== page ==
What users are saying about
27 Ratings
59 Ratings
27 Ratings
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Score 8 out of 100
59 Ratings
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Score 8.9 out of 100

Likelihood to Recommend

Apache Camel

Message brokering across different systems, with transactionality and the ability to have fine tuned control over what happens using Java (or other languages), instead of a heavy, proprietary languages.One situation that it doesn't fit very well (as far as I have experienced) is when your workflow requires significant data mapping. While possible when using Java tooling, some other visual data mapping tools in other integration frameworks are easier to work with.
Anonymous | TrustRadius Reviewer

Apache Kafka

Despite the disadvantages I list, I really believe that Kafka is the right choice whenever you need a queueing or message broker system. Kafka is way too battle-tested and scales too well to ever not consider it. The only exception is if your use case requires many, many small topics. Also, Kafka doesn't support delay queues out of the box and so you will need to "hack" it through special code on the consumer side.
Anonymous | TrustRadius Reviewer

Pros

Apache Camel

  • Camel has an easy learning curve. It is fairly well documented and there are about 5-6 books on Camel.
  • There is a large user group and blogs devoted to all things Camel and the developers of Camel provide quick answers and have also been very quick to patch Camel, when bugs are reported.
  • Camel integrates well with well known frameworks like Spring, and other middleware products like Apache Karaf and Servicemix.
  • There are over 150 components for the Camel framework that help integrate with diverse software platforms.
  • Camel is also good for creating microservices.
Surjit Sen | TrustRadius Reviewer

Apache Kafka

  • Apache Kafka is able to handle a large number of I/Os (writes) using 3-4 cheap servers.
  • It scales very well over large workloads and can handle extreme-scale deployments (eg. Linkedin with 300 billion user events each day).
  • The same Kafka setup can be used as a messaging bus, storage system or a log aggregator making it easy to maintain as one system feeding multiple applications.
Anonymous | TrustRadius Reviewer

Cons

Apache Camel

  • I find the "seda" endpoint to be less obvious that it is doing multi-threading than Spring Integration's executor mechanism.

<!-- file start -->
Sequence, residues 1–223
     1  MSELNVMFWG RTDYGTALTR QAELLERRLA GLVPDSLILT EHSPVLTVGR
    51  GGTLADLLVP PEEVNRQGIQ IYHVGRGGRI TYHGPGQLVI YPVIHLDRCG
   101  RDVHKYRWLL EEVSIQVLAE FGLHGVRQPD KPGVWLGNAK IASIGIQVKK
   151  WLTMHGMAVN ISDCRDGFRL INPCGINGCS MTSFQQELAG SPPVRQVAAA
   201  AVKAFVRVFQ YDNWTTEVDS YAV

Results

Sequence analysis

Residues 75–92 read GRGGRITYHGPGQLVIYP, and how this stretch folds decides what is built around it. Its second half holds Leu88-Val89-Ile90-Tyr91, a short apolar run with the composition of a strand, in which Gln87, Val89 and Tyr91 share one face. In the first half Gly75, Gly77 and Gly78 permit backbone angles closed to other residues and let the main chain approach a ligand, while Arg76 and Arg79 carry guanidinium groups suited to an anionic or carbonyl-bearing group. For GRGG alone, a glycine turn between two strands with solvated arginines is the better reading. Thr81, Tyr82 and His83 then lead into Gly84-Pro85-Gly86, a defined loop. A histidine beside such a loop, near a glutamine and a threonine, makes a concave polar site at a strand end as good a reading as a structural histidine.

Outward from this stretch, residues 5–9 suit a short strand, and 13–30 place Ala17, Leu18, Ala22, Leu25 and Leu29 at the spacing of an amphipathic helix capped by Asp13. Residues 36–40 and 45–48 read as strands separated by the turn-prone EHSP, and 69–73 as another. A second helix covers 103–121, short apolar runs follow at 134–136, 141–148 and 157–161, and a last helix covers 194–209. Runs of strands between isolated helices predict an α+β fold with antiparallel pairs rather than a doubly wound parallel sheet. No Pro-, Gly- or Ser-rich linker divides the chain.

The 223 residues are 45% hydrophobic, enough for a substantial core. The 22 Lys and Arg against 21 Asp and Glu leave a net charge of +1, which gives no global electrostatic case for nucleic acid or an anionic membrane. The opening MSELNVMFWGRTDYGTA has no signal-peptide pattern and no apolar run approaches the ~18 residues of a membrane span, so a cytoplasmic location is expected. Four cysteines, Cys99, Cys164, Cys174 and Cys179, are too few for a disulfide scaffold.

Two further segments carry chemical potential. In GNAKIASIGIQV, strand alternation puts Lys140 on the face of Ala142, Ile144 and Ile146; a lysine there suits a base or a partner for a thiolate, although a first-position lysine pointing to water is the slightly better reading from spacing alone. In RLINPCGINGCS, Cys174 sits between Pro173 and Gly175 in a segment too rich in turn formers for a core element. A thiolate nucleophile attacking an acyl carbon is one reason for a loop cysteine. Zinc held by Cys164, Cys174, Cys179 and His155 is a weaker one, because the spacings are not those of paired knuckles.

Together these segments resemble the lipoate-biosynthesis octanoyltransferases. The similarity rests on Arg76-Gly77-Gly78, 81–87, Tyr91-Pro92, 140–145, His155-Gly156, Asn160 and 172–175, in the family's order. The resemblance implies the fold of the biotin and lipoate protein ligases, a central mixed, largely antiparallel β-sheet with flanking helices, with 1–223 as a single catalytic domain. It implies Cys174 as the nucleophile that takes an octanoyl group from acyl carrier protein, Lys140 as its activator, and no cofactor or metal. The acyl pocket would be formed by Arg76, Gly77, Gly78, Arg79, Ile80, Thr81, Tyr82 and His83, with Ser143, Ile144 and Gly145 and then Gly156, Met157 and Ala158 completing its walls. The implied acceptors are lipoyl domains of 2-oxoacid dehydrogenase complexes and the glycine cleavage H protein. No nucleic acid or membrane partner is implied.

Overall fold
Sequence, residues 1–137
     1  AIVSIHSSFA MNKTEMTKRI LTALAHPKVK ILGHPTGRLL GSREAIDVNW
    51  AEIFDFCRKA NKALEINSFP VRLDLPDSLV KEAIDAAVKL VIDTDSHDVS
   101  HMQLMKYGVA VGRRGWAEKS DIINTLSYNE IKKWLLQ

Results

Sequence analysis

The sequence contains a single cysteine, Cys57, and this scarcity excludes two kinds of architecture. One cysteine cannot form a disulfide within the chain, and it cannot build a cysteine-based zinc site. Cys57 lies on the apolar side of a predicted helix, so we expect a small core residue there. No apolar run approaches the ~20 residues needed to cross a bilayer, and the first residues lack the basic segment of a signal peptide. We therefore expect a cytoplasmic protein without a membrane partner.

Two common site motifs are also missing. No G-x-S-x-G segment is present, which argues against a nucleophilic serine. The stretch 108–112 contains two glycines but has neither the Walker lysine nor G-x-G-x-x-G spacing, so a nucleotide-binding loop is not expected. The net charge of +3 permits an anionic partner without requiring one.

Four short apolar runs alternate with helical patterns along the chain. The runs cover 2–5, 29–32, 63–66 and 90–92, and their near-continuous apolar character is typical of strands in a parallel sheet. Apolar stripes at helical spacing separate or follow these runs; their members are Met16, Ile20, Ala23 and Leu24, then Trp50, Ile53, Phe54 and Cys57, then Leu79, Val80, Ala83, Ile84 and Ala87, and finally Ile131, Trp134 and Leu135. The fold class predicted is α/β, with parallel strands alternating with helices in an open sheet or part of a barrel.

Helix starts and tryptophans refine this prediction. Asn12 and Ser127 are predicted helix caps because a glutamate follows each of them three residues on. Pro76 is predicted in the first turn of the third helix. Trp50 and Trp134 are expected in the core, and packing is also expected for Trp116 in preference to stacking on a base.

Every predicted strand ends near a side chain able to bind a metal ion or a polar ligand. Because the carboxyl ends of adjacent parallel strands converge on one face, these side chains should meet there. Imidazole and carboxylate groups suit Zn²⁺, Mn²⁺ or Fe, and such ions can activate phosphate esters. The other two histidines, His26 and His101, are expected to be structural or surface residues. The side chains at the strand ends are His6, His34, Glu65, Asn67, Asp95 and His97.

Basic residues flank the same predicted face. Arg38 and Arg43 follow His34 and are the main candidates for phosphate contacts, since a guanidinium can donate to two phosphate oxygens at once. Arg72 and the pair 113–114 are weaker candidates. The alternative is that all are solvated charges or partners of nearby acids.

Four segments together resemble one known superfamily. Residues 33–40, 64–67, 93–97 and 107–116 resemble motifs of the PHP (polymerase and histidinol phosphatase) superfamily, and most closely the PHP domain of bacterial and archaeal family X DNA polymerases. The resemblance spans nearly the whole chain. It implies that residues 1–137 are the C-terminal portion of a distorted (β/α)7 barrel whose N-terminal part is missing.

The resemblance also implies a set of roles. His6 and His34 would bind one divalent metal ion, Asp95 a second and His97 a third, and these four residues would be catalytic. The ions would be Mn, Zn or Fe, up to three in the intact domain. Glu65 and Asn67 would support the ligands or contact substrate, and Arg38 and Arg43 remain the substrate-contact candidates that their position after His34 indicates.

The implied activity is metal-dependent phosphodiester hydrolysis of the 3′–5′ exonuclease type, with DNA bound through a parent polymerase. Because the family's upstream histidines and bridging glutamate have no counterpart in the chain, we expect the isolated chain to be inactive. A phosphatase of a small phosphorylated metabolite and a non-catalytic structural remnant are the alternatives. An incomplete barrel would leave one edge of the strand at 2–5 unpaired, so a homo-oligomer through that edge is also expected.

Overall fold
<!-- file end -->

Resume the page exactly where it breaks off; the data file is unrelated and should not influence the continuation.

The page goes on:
• Integration with Spring Beans is pretty good, but I believe SI's is a bit better (for obvious reasons, both being Spring products).
  • SI's use support is probably a bit better/faster and I believe the user base is larger so that there are most questions/answers for SI on StackOverflow
Anonymous | TrustRadius Reviewer

Apache Kafka

  • Still a bit inmature, some clients have required recoding in the last few versions
  • New feaures coming very fast, several upgrades a year may be required
  • Not many commercial companies provide support
Juan Francisco Tavira | TrustRadius Reviewer

Likelihood to Renew

Apache Camel

No score
No answers yet
No answers on this topic

Apache Kafka

Apache Kafka 9.0
Based on 1 answer
Kafka is quickly becoming core product of the organization, indeed it is replacing older messaging systems. No better alternatives found yet
Juan Francisco Tavira | TrustRadius Reviewer

Support Rating

Apache Camel

No score
No answers yet
No answers on this topic

Apache Kafka

Apache Kafka 8.8
Based on 6 answers
We are using the Apache open source version of Kafka. The community is a good place to ask questions. and we can get most of our problems resolved there.
Anonymous | TrustRadius Reviewer

Alternatives Considered

Apache Camel

We chose Apache Camel because it was lightweight, easy to get started with and because it had a groovy DSL since we were a grails shop when we started using it.
Akmal Muqeeth | TrustRadius Reviewer

Apache Kafka

I would only use RabbitMQ over Kafka when you need to have delay queues or tons of small topics/queues around.I don't know too much about Pulsar - currently evaluating it - but it's supposed to have the same or better throughput while allowing for tons of queues. Stay tuned - I might update this review after we finish evaluating Pulsar. It's much less battle-tested though.
Anonymous | TrustRadius Reviewer

Return on Investment

Apache Camel

  • Apache Camel is open source and Java based. So if your engineering team is strong in Java this could be a good framework to adopt.
  • Apache camel is open source.
  • Camel could be run on OSGi containers like Karaf or Fuse.
Anonymous | TrustRadius Reviewer

Apache Kafka

  • Positive impact on ROI since now we can use one large deployment of Apache Kafka that can be used for multiple scenarios ( storage systems, log aggregate, messaging queue ).
  • It is open-source so there are no licenses or subscription fees reducing the cost of deployment.
  • Data can now be ingested and analyzed in real-time making it easy to fine-tune the customer experience and decision making for internal IT.
Anonymous | TrustRadius Reviewer

Pricing Details

Apache Camel

General

Free Trial
Free/Freemium Version
Premium Consulting/Integration Services
Entry-level set up fee?
No

Apache Kafka

General

Free Trial
Free/Freemium Version
Premium Consulting/Integration Services
Entry-level set up fee?
No

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